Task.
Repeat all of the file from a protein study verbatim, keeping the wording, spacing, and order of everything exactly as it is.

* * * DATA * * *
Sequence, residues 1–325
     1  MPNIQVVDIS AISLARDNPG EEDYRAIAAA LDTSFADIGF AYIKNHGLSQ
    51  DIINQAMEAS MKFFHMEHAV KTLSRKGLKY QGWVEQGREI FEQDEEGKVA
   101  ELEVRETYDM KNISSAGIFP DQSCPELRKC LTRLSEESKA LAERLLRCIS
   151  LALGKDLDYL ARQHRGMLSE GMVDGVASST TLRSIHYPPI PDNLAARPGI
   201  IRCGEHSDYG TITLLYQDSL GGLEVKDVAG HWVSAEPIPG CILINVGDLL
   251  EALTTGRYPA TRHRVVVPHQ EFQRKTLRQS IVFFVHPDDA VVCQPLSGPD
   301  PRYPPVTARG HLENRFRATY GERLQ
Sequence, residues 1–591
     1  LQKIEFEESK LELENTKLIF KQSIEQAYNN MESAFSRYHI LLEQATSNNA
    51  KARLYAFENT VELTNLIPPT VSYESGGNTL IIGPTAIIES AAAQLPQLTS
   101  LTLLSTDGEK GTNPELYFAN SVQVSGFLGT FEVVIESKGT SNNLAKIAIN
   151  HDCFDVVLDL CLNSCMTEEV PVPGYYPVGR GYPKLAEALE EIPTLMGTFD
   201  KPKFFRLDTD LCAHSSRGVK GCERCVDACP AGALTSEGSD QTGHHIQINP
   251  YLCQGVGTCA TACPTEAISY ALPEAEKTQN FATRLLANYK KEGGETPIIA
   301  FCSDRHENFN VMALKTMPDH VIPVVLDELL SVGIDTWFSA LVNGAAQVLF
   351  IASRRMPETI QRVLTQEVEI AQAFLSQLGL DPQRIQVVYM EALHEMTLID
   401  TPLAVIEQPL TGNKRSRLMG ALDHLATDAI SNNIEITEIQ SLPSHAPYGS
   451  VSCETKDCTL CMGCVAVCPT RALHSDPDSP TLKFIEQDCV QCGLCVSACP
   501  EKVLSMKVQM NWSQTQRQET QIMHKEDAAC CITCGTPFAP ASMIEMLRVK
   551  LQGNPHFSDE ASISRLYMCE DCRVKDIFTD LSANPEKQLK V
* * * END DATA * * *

Sequence, residues 1–325
     1  MPNIQVVDIS AISLARDNPG EEDYRAIAAA LDTSFADIGF AYIKNHGLSQ
    51  DIINQAMEAS MKFFHMEHAV KTLSRKGLKY QGWVEQGREI FEQDEEGKVA
   101  ELEVRETYDM KNISSAGIFP DQSCPELRKC LTRLSEESKA LAERLLRCIS
   151  LALGKDLDYL ARQHRGMLSE GMVDGVASST TLRSIHYPPI PDNLAARPGI
   201  IRCGEHSDYG TITLLYQDSL GGLEVKDVAG HWVSAEPIPG CILINVGDLL
   251  EALTTGRYPA TRHRVVVPHQ EFQRKTLRQS IVFFVHPDDA VVCQPLSGPD
   301  PRYPPVTARG HLENRFRATY GERLQ
Sequence, residues 1–591
     1  LQKIEFEESK LELENTKLIF KQSIEQAYNN MESAFSRYHI LLEQATSNNA
    51  KARLYAFENT VELTNLIPPT VSYESGGNTL IIGPTAIIES AAAQLPQLTS
   101  LTLLSTDGEK GTNPELYFAN SVQVSGFLGT FEVVIESKGT SNNLAKIAIN
   151  HDCFDVVLDL CLNSCMTEEV PVPGYYPVGR GYPKLAEALE EIPTLMGTFD
   201  KPKFFRLDTD LCAHSSRGVK GCERCVDACP AGALTSEGSD QTGHHIQINP
   251  YLCQGVGTCA TACPTEAISY ALPEAEKTQN FATRLLANYK KEGGETPIIA
   301  FCSDRHENFN VMALKTMPDH VIPVVLDELL SVGIDTWFSA LVNGAAQVLF
   351  IASRRMPETI QRVLTQEVEI AQAFLSQLGL DPQRIQVVYM EALHEMTLID
   401  TPLAVIEQPL TGNKRSRLMG ALDHLATDAI SNNIEITEIQ SLPSHAPYGS
   451  VSCETKDCTL CMGCVAVCPT RALHSDPDSP TLKFIEQDCV QCGLCVSACP
   501  EKVLSMKVQM NWSQTQRQET QIMHKEDAAC CITCGTPFAP ASMIEMLRVK
   551  LQGNPHFSDE ASISRLYMCE DCRVKDIFTD LSANPEKQLK V